Mary Beard is Professor of Classics at the University of Cambridge. Her most recent book is SPQR: A History of Ancient Rome. (August 2016)


Which Side of Roman Britain Are You On?

A relief from a pediment to a temple in Bath, England, thought to show a gorgon’s head, late first century CE

The Real Lives of Roman Britain

by Guy de la Bédoyère

The Edge of the Empire: A Journey to Britannia: From the Heart of Rome to Hadrian’s Wall

by Bronwen Riley
Sometime around 90 CE, a young slave girl by the name of Fortunata (“Lucky”) was sold in London by her owner, Albicianus. Originally from northern Gaul, guaranteed to be of good health and not liable to abscond, she was bought by one Vegetus for the hefty sum of six hundred …

How Stoical Was Seneca?

Peter Paul Rubens: The Death of Seneca, 1612–1613

Dying Every Day: Seneca at the Court of Nero

by James Romm

Hardship and Happiness

by Lucius Annaeus Seneca, translated from the Latin by Elaine Fantham, Harry M. Hine, James Ker, and Gareth D. Williams
The contradictions in Seneca’s career troubled many ancient observers, just as they have troubled many later ones. Part of this is the question of how to reconcile Seneca’s intimate involvement in the brutal power politics of the Roman court with the high-minded philosophical ethics he professed.

The Latest Scheme for the Parthenon

The central scene of the east frieze of the Parthenon. ‘The traditional reading of the frieze,’ writes Mary Beard, interprets it as ‘the presentation of a newly woven robe (peplos) to Athena,’ the high point of a festival celebrating the goddess. Joan Breton Connelly, in The Parthenon Enigma, instead argues that the frieze depicts a scene from early Athenian myth, in which King Erechtheus, as Beard writes, ‘has been told by an oracle that in order to save Athens from invasion he must sacrifice one of his daughters,’ and is not receiving the peplos but rather handing the material over to his youngest daughter, who will wear it as her shroud.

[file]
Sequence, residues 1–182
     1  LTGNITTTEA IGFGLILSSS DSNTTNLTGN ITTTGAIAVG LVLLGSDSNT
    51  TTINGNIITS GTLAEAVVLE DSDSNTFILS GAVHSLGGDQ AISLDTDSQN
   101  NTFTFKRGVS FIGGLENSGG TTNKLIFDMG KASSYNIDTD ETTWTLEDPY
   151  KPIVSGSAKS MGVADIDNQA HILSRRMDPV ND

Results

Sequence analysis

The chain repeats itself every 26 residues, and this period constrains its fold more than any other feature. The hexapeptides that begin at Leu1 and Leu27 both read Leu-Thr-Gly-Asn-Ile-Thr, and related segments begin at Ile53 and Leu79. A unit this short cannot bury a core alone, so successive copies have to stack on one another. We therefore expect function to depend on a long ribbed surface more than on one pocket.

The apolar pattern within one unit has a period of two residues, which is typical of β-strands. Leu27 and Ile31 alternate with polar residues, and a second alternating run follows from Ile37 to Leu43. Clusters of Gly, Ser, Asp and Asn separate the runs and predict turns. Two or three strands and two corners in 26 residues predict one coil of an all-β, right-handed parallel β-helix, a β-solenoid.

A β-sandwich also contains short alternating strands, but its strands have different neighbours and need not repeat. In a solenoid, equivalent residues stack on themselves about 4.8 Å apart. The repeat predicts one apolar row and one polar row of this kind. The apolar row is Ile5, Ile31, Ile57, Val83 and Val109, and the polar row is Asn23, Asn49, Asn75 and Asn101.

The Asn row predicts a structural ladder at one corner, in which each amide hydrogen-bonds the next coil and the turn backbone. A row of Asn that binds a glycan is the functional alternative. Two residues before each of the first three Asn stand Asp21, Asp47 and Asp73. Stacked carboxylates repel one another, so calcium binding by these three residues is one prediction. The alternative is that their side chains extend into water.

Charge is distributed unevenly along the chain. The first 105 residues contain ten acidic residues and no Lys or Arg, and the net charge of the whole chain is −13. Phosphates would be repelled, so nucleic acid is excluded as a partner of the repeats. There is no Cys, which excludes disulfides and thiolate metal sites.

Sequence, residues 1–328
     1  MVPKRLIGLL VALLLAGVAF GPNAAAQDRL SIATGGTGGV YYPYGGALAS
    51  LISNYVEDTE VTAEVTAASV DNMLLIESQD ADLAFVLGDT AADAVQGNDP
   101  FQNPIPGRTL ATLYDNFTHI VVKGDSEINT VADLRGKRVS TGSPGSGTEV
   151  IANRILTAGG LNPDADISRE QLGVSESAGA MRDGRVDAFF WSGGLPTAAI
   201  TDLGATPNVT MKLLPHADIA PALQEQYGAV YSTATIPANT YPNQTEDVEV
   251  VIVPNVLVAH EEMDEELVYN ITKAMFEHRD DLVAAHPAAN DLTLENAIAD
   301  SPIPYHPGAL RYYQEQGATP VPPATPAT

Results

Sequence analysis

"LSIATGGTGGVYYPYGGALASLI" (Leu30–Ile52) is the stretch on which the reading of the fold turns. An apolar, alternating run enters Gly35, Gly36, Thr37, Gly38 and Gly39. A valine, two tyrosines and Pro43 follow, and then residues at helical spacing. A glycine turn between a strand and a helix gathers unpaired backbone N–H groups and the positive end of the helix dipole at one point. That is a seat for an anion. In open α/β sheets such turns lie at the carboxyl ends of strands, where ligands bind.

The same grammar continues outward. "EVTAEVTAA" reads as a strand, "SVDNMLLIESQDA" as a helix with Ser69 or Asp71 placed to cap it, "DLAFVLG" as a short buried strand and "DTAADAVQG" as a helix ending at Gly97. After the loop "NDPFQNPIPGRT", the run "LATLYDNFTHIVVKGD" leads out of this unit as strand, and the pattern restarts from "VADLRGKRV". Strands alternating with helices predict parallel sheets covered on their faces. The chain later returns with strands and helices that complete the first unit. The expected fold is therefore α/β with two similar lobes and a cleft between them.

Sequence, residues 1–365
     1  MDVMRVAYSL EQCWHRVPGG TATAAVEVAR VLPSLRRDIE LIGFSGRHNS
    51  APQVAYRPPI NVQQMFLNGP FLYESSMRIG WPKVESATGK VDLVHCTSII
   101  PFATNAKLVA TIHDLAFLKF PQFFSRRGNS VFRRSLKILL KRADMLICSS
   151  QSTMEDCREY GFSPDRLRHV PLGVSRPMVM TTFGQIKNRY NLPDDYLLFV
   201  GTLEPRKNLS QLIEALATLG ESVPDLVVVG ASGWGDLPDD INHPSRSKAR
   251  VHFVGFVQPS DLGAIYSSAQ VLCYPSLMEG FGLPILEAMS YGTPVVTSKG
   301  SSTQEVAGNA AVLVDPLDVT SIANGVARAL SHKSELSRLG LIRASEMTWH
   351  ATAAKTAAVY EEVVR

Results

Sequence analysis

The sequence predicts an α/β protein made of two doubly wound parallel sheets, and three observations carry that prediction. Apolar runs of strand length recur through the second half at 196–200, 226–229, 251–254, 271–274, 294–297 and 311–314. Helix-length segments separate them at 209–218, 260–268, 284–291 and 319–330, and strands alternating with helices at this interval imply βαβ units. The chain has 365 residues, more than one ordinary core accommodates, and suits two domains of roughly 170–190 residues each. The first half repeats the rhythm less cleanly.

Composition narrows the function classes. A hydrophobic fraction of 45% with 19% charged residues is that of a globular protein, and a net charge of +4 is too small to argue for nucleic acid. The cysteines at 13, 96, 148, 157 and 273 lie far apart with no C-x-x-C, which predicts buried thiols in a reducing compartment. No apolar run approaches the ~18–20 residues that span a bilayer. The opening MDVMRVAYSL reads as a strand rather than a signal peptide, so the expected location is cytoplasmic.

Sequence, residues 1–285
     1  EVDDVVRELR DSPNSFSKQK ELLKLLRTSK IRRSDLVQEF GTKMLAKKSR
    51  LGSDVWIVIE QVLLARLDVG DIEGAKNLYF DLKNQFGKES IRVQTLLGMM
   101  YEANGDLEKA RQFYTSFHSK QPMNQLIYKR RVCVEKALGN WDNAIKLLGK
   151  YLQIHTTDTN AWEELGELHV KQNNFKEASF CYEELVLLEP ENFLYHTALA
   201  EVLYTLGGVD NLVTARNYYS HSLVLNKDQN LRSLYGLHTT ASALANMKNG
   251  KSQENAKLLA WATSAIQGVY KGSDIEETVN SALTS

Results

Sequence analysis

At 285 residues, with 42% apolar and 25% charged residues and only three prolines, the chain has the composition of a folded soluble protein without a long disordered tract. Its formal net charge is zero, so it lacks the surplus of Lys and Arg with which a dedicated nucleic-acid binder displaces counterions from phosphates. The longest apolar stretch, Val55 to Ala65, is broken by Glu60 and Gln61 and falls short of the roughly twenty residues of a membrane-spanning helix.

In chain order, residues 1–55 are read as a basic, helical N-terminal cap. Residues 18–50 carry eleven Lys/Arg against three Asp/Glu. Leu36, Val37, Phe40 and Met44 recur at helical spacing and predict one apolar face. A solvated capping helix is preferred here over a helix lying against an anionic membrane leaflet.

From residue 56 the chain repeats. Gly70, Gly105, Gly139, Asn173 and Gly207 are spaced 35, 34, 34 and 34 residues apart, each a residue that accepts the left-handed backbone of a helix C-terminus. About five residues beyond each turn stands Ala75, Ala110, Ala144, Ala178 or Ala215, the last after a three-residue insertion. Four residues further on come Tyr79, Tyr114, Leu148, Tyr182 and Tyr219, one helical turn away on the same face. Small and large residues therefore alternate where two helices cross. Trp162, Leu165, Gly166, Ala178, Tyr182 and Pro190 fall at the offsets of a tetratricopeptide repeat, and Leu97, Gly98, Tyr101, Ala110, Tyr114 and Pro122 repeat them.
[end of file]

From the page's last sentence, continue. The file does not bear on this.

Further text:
The Parthenon Enigma

by Joan Breton Connelly
There is one basic rule about the “Elgin Marble Controversy”: it is not straightforward (if it were, it would have been solved decades ago). There are bad arguments and woeful oversimplifications on both sides, and the whole question raises some of the biggest dilemmas of heritage and cultural property. It pits the desirable notion of the Universal Museum against the desirable aim of seeing a coherent ensemble of sculpture (whether or not united by the Erechtheus theme) put together again.


Britain Lurches

UK Independence Party leader Nigel Farage celebrating local election results, South Benfleet, Essex, United Kingdom, May 23, 2014

The real danger of the UK Independence Party in EU and local elections is not the party’s own policies, but the reaction it draws from politicians and supporters of the other parties. On the one hand, there is a tendency to brush its success aside, as merely a fairly insignificant protest vote. On the other hand, there is also a dangerous overreaction by the main political parties—and a drift toward an increasingly rigid policy on immigration, even if their heart is not really in it.

How to Win the Election (Without Super PACs)

A Scene from the HBO series Rome (2005)

Roman elections were all a matter of personal connections, charisma, and favor, not of manifestos and paid-up party loyalty. No patron would have a houseful of clients if he only offered to help those whom he knew he really could. That’s a different claim from a modern political view that you promise anything you like to get elected. In fact, in other ways too, the twenty-first-century relationship between the political hopeful and his voters and “clients” is the mirror image of the ancient one. But the modern clients, in the shape of Super PACs and the like, call the political tune to an extent that most of the supporters of the ancient would-be consul could not.

The Hero Pose

I am one of a team that has been redesigning the Greek and Roman Galleries in the Fitzwilliam Museum in Cambridge. We’ve finished—and a couple of weeks ago the new display opened to the public. This is nothing on the scale of the new Greek and Roman galleries at the Metropolitan Museum of Art, of course. But, after the British Museum and the Ashmolean in Oxford (also recently “re-hung”), the Fitz has the best collection of classical antiquities in the UK—thanks to generous donations since the mid-nineteenth century from professors and alumni of the University.

Are Classics Classy? The Roman View

What is a “classic”? Is it simply (as Frank Kermode, I think, once put it) an old book that we still read? Or is there something a bit more sinister to the whole idea? An old book you feel you ought to have read? Or is it more casually serendipitous: An old book you have rediscovered and want to share with the world? And what does a “classicist” (in the Greek-and-Latin sense of the word) have to contribute to the debate?